Minute Maid Park
Home of the Houston Astros
Team: Houston Astros
Stadium Capacity: 40,950
Minute Maid Park may have earned the nickname The Juice Box, but trains are the theme here, from the refurbished Union Station that many fans enter through to the replica locomotive that runs on a track above left field. Fans can now take a light rail line to the game, too, although this is Houston so most are driving. The huge glass wall in left field (hurricane resistant glass) provides light and a view of downtown even when the retractable roof is closed.
Minute Maid Park is in the heart of the city, ironically a part of town that a lot of suburb-lovin’ Houstonians rarely visit. But if you’re going to an Astros game, take advantage of the best of the neighborhood: friendly bars, great food and a cultural mish-mash of locals and tourists. … If you don’t live in Midtown or downtown, do yourself a favor and drive to one of the city’s Park and Ride lots that also double as stations for the METRO Rail. From there, you can hop on the rail – tickets are just $2 – and head to the bars around the ballpark. … If you’re in a party mood, head to B.U.S. Bar just across from the park on Texas Street. The place resembles an open-air garage and is uber-casual, but it can get pretty rowdy on game day. … If you’re looking for a bite to eat before heading to the game, walk next door to Home Plate Bar and Grill; it’ll be crowded so try the balcony if you want a table. … Now that it’s about time for the National Anthem, all you have to do is stumble across the street to the park, take a quick bathroom break and head to your seats. … Once there, get to know your neighbors. Astros fans may not be as rowdy as fans at some other ballparks but they’re friendly, and by mid-game you’re likely to be making post-game plans with your seat-mates or talking about meeting up for the next game. … The best eats inside the park are on the first level. This being Texas there’s good Mexican and barbeque, but the best bet might be the giant sausages from Texas-based Kiolbassa. Get it early, though, before the lines form and they run out. … Stay local with your brew, too, and have a Shiner Bock. … After the game, walk a few blocks west to Main Street, Midtown’s main strip, and enter The Flying Saucer, a large pub that boasts more than 200 beers on tap and in bottles. … If you’re in the mood to venture a few blocks further, hail a cab from the ballpark and go to either the Front Porch or Little Woodrow’s in Midtown. Both are low-key bars but famous hangouts for Houstonians with a love of specialty beers and unique drinks.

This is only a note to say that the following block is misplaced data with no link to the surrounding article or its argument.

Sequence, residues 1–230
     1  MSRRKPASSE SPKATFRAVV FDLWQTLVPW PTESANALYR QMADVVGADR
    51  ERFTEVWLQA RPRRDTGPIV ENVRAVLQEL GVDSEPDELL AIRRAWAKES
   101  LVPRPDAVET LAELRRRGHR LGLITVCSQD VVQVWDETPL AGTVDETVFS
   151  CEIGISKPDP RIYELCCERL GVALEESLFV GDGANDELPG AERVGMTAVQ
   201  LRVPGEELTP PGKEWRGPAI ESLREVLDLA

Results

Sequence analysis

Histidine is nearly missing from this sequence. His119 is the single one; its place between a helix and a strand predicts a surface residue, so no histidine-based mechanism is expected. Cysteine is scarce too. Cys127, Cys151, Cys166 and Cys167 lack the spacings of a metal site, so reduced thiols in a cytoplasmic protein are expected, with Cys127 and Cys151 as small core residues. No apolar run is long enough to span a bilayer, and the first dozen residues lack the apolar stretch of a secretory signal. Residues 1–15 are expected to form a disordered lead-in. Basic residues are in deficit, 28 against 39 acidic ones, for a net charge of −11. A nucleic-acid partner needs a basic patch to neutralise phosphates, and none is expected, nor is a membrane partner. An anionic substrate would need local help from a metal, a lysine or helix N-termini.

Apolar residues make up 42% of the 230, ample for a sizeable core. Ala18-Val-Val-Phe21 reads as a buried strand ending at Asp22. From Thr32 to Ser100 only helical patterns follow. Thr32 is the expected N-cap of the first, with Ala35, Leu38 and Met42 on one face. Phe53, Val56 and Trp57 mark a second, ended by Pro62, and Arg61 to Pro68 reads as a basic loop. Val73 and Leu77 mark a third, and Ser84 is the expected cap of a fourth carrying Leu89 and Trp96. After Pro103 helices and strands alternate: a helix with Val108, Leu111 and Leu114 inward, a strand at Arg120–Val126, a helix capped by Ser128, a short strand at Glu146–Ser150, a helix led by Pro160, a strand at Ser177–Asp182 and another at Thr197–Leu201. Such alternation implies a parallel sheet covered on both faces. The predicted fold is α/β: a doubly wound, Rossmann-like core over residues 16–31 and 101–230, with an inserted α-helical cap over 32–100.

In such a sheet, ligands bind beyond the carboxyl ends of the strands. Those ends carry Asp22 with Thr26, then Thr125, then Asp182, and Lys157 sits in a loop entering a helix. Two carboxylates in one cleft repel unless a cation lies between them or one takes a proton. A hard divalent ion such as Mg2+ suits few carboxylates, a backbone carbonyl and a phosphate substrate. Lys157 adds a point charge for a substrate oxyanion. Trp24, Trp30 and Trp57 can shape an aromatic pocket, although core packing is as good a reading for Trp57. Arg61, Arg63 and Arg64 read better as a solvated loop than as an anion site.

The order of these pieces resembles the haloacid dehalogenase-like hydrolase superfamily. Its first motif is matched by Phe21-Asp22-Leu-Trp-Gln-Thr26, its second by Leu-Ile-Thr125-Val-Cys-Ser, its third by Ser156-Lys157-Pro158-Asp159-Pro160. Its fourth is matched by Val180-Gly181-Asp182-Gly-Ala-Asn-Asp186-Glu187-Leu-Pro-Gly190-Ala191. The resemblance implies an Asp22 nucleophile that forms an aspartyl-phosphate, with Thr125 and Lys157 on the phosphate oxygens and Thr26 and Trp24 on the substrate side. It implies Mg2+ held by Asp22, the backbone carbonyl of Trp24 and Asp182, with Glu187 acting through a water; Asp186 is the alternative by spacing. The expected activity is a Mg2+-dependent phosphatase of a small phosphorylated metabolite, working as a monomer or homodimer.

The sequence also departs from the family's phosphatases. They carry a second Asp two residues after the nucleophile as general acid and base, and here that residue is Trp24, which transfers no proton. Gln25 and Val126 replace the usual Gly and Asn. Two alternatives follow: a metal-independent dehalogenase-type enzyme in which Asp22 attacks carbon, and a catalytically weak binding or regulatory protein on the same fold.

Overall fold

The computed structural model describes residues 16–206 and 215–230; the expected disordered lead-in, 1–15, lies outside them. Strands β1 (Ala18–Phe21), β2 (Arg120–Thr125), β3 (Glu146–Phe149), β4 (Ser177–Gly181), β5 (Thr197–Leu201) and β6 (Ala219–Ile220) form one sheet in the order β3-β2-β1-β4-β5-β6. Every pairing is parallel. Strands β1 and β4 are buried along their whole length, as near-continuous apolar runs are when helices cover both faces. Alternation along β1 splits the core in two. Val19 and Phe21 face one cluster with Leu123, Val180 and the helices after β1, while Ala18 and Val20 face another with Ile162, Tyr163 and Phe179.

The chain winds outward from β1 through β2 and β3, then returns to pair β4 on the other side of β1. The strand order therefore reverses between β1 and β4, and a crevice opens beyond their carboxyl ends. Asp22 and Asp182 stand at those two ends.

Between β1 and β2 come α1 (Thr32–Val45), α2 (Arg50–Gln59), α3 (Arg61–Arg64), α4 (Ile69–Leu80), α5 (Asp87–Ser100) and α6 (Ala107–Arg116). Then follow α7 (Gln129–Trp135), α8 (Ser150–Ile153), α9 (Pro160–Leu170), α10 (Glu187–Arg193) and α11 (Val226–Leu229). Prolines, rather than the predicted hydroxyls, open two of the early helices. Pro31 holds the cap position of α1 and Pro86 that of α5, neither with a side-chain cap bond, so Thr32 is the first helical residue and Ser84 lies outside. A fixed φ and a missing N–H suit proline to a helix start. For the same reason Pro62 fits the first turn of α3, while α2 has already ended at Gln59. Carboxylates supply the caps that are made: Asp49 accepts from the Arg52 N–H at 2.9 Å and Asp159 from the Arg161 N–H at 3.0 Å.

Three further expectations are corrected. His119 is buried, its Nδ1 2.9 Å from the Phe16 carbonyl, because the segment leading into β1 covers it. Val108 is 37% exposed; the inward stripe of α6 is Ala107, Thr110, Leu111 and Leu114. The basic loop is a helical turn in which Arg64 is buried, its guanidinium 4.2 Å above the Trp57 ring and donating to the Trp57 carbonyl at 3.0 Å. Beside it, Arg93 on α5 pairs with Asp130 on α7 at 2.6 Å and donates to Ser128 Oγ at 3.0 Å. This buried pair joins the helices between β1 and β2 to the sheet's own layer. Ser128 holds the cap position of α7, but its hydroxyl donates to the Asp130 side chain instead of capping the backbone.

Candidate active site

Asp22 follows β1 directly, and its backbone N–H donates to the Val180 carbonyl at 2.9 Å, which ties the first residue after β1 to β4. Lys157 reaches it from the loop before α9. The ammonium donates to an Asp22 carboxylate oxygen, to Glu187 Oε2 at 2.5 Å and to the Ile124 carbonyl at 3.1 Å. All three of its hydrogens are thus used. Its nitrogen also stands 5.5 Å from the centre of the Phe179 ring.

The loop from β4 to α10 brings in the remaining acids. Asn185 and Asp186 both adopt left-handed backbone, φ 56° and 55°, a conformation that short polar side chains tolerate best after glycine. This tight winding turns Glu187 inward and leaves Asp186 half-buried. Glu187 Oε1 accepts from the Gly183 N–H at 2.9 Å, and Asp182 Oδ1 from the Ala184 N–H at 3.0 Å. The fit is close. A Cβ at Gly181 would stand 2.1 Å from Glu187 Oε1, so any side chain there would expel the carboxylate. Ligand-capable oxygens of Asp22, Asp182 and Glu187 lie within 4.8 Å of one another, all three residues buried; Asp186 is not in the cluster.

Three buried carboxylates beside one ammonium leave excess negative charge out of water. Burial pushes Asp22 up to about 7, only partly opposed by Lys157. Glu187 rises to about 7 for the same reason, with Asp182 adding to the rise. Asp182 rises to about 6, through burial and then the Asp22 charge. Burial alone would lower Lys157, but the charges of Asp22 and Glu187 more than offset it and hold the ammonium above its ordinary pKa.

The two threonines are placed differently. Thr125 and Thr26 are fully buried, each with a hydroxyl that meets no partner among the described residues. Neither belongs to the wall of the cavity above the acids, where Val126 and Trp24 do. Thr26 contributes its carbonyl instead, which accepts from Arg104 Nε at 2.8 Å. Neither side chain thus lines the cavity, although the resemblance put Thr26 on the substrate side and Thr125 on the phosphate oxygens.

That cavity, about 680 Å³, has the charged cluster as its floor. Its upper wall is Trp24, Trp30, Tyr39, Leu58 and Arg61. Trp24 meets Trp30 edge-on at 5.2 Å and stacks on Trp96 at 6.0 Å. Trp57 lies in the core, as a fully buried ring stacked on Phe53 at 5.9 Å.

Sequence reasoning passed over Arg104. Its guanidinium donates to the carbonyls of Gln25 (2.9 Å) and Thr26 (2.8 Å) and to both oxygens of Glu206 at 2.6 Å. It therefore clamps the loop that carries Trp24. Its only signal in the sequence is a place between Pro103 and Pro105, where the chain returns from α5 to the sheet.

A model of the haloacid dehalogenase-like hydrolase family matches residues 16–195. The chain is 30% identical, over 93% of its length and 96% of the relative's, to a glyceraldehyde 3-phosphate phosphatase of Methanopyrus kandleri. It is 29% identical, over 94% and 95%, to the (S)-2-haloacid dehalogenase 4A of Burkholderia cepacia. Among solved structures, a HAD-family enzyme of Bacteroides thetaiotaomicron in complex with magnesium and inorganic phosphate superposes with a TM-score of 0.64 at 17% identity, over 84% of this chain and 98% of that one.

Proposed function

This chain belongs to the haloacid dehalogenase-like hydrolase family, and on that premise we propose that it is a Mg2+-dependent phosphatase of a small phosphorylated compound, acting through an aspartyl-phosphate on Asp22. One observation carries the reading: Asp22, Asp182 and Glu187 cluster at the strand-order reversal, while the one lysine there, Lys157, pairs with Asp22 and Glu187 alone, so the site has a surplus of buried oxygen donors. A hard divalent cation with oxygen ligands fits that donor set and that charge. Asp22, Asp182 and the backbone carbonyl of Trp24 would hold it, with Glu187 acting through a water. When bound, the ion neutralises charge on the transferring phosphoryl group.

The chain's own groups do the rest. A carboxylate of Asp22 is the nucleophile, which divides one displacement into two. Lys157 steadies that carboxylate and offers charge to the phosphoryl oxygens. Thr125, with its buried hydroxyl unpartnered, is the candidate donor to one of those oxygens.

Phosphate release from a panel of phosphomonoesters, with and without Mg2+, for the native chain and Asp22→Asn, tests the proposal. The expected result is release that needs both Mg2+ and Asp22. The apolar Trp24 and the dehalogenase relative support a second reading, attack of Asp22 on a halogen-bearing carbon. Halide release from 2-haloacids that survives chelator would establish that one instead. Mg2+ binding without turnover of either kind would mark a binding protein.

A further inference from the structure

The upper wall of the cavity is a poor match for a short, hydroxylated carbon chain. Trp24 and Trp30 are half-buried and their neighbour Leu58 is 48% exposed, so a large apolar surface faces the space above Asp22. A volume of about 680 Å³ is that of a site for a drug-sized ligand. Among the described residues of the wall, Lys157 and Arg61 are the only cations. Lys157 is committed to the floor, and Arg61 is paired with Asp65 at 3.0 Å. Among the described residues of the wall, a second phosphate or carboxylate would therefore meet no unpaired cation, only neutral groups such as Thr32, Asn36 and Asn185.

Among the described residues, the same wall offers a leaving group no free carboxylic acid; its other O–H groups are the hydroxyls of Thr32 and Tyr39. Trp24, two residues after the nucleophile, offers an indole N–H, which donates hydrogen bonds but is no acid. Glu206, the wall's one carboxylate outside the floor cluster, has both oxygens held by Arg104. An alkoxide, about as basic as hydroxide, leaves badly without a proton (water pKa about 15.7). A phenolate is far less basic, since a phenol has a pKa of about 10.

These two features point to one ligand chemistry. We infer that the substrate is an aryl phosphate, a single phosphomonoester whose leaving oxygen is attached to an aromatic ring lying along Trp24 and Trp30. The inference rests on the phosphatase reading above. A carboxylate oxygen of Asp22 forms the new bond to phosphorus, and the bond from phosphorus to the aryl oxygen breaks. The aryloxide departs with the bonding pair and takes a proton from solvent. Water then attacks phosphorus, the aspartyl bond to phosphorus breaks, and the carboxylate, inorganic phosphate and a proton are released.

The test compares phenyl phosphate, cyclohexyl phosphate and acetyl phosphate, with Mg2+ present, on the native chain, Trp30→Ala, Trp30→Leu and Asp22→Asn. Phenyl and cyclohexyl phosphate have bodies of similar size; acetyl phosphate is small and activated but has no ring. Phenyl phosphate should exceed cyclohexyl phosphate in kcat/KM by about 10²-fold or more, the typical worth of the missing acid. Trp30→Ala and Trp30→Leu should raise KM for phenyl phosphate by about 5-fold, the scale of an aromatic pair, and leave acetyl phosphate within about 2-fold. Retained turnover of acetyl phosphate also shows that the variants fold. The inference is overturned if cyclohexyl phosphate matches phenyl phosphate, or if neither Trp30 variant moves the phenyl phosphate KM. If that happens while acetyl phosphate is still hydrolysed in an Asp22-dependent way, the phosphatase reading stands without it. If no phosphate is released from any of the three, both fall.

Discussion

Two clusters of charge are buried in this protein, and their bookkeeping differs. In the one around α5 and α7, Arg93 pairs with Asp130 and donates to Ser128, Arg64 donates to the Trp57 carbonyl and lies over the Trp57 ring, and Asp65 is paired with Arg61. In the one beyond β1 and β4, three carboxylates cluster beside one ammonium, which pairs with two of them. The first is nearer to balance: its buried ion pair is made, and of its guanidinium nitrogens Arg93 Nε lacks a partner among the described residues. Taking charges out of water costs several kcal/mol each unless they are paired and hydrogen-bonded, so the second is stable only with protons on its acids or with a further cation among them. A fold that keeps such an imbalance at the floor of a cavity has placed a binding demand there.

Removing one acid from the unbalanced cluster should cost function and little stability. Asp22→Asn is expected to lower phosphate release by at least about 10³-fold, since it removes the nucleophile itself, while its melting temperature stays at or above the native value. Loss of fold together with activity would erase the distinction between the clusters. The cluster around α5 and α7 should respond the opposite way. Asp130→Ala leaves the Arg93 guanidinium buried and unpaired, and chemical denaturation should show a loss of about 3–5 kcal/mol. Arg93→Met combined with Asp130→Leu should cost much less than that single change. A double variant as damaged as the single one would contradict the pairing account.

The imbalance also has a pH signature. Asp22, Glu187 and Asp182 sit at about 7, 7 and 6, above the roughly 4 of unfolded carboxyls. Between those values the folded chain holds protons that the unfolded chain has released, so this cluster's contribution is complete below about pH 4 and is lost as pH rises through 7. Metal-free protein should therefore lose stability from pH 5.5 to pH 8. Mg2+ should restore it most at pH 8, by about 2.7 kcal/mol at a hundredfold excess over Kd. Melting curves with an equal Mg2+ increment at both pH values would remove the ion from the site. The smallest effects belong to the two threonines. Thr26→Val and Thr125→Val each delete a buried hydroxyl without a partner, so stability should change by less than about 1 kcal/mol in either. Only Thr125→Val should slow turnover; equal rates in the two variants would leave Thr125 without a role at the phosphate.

B.U.S. Bar, 1800 Texas St., (713) 222-2287
Home Plate Bar and Grill, 1800 Texas St., (713) 222-1993
The Flying Saucer, 705 Main St., (713) 228-9472
Little Woodrow’s, 2306 Brazos, (713) 522-1041
Front Porch, 217 Gray Street, (713) 571-9571
Wise Guide Tips / Know what the locals know, go where the locals go
At Wise Guides, we believe “spectator” should be a verb. Not because you should suck down 12 beers, run on the field and try to take the first baseman’s job — you shouldn’t. It’s because there’s so much more to going to a game than simply sitting in your seat watching the action. There are stadiums and neighborhoods to explore, food and drink to try, history to learn and interesting people to meet. Try our Wise Guides tips, they are funny, helpful and, we hope, interesting.
A Texan Juice Box
Minute Maid Park opened in 2000 on the spot downtown where Houston’s Union Station used to stand – a railroad station that is credited with bringing growth and prosperity to the city in the early part o... Read more »